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A publicação pode ser exportada nos seguintes formatos: referência da APA (American Psychological Association), referência do IEEE (Institute of Electrical and Electronics Engineers), BibTeX e RIS.

Exportar Referência (APA)
Madureira, N. L. (2017). The confident forecaster. Lessons from the upscaling of the electricity industry in England and Wales. Business History. 59 (3), 408-430
Exportar Referência (IEEE)
N. L. Fernandes,  "The confident forecaster. Lessons from the upscaling of the electricity industry in England and Wales", in Business History, vol. 59, no. 3, pp. 408-430, 2017
Exportar BibTeX
@article{fernandes2017_1611421395658,
	author = "Madureira, N. L.",
	title = "The confident forecaster. Lessons from the upscaling of the electricity industry in England and Wales",
	journal = "Business History",
	year = "2017",
	volume = "59",
	number = "3",
	doi = "10.1080/00076791.2016.1201074",
	pages = "408-430",
	url = "http://www.tandfonline.com/doi/full/10.1080/00076791.2016.1201074"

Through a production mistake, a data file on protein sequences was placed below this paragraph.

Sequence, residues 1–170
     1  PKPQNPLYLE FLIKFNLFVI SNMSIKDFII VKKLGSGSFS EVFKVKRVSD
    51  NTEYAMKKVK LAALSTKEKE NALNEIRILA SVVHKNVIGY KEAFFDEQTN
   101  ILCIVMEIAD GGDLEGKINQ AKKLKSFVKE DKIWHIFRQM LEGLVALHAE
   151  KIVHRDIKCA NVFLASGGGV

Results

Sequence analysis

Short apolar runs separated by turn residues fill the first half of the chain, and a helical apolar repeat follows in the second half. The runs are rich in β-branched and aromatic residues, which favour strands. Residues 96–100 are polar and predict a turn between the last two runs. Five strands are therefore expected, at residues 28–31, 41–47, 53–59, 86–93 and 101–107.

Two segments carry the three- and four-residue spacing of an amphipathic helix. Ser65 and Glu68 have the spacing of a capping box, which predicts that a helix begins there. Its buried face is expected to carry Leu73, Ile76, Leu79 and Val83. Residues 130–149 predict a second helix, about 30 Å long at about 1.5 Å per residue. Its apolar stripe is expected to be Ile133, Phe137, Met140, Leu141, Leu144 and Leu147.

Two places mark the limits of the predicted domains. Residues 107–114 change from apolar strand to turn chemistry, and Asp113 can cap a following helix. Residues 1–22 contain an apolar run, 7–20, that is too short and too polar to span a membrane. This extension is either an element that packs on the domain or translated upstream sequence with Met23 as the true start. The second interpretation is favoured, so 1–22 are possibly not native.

}
Exportar RIS
TY  - JOUR
TI  - The confident forecaster. Lessons from the upscaling of the electricity industry in England and Wales
T2  - Business History
VL  - 59
IS  - 3
AU  - Madureira, N. L.
PY  - 2017
SP  - 408-430
SN  - 0007-6791
DO  - 10.1080/00076791.2016.1201074
UR  - http://www.tandfonline.com/doi/full/10.1080/00076791.2016.1201074
AB  - This article analyses the upscaling technological stage in the life cycle of capital-intensive technologies from the business history viewpoint. We correspondingly demonstrate how the pursuit of technological trajectories based on systematic increases in the size and power capacities of units pushed a new class of professionals, skills and procedures to the forefront of business decision-making. From 1958 onwards, forecasting framed and sharpened organisational insight into problems. Drawing on archival data on coal-fired, oil-fired and nuclear powered stations in England and Wales, the final section proceeds to measure the gap between reality and forecasts and singles out three major hypotheses to explain forecasting errors: inability to predict rapid changes outside the model (inter-fuel substitution); disregard of technical shortcomings in replication and standardisation, and overconfidence in extrapolating cost reductions at higher capacity levels.
ER  -